Prisoner of Azkaban also contains my favourite, LAUGH OUT LOUD line. Honestly, I just think of these words and I chuckle.

 “HARRY, THIS IS NO TIME TO BE A GENTLEMAN!’ Wood roared, as Harry swerved to avoid a collision. “KNOCK HER OFF HER BROOM IF YOU HAVE TO!”

Those two lines fill me with such happiness, it caught that atmosphere of that chapter perfectly.

There is so much more about this book that I could say, how it’s three-hundred-and-seventeen pages of thrilling teenage magical excitement. (And who honestly isn’t intrigued by the idea of a time turner?) It’s dark; it’s scary; it’s funny; it’s heart-warming; it’s heartbreaking.

I think that’s what I loved most about it, how it doesn’t disappoint you, it fills up, but makes sure to leave you wanting more.

Post by competition winner AmieSalmon

Publisher: Bloomsbury
Publication Date: April 2000
Format: Paperback
Pages: 317
Genre: Magic, Adventure
Age: Middle Grade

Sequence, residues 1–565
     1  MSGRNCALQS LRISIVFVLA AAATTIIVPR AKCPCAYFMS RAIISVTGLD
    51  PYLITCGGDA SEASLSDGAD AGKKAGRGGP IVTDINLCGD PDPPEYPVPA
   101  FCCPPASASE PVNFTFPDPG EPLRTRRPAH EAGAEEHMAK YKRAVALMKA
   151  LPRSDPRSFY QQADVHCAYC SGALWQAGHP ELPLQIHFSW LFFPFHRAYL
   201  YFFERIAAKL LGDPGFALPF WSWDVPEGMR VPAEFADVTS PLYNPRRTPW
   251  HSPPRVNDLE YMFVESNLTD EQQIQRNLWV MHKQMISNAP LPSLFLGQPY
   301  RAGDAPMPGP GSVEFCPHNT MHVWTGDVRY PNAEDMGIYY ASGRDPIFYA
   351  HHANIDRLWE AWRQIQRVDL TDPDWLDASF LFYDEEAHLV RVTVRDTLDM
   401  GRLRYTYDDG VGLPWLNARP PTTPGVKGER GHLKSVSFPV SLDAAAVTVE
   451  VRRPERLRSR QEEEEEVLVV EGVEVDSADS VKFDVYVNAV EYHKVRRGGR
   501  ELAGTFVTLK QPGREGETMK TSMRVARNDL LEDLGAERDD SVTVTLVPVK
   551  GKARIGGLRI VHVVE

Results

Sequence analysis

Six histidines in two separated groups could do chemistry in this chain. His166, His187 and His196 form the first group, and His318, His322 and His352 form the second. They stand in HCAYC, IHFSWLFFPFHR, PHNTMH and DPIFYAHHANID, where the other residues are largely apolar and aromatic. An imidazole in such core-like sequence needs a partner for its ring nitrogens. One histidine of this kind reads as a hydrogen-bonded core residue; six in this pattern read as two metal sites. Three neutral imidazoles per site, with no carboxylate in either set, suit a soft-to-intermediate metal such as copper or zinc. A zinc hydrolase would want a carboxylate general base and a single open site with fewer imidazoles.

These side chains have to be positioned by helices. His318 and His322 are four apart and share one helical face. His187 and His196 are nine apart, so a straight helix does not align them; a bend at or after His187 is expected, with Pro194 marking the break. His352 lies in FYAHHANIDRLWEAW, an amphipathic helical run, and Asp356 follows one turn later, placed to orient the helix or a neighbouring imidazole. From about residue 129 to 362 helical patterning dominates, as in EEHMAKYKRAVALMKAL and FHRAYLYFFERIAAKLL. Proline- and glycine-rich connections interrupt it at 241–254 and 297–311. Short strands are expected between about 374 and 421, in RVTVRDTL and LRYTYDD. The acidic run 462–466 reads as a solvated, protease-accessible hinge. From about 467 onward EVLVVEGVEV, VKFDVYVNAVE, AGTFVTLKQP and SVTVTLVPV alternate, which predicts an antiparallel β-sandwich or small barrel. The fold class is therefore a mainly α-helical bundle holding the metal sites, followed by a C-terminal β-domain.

Reviewer: Guest Reviewer
Source: Own Copy
Challenge: N/A
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Far From The War

Jeffrey David Payne

Economic ruin and partisan rancor have pushed America to the brink of a new civil war. Esther is caught in the middle, serving as a page in the United States House of Representatives when rogue politicians and military leaders stage a modern day coup d’etat. When the coup turns violent, she abandons Washington, D.C. for home. She must learn to survive on her own as transportation and financial networks fail, as the war disrupts food and water supplies. The result is a cautionary tale about political extremism and the true cost of war.